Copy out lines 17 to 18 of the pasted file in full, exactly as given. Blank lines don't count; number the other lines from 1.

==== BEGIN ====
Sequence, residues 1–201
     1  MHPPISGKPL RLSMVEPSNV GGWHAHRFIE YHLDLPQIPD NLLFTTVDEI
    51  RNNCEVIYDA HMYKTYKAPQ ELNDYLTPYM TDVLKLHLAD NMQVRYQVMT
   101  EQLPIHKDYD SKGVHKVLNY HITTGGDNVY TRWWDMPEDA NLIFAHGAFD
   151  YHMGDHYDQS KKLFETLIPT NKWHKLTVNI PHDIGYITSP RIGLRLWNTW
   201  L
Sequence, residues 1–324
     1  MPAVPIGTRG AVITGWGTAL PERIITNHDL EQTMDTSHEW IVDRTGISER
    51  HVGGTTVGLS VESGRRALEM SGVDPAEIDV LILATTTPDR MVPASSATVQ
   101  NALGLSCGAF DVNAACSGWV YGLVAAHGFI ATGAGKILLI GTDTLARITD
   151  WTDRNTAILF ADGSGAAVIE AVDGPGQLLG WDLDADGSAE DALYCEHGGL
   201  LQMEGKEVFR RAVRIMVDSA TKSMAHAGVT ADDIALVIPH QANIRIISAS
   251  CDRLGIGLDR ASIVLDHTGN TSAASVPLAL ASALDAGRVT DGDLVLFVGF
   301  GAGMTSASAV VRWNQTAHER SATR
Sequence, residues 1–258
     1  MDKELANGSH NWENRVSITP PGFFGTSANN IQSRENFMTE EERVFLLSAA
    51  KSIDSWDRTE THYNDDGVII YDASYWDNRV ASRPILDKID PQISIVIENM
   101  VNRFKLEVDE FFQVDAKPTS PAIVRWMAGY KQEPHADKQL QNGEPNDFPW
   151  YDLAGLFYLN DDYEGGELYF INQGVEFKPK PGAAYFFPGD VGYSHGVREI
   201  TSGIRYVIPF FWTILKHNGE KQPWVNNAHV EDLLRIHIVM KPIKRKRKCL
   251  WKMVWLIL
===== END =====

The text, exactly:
    51  KSIDSWDRTE THYNDDGVII YDASYWDNRV ASRPILDKID PQISIVIENM
   101  VNRFKLEVDE FFQVDAKPTS PAIVRWMAGY KQEPHADKQL QNGEPNDFPW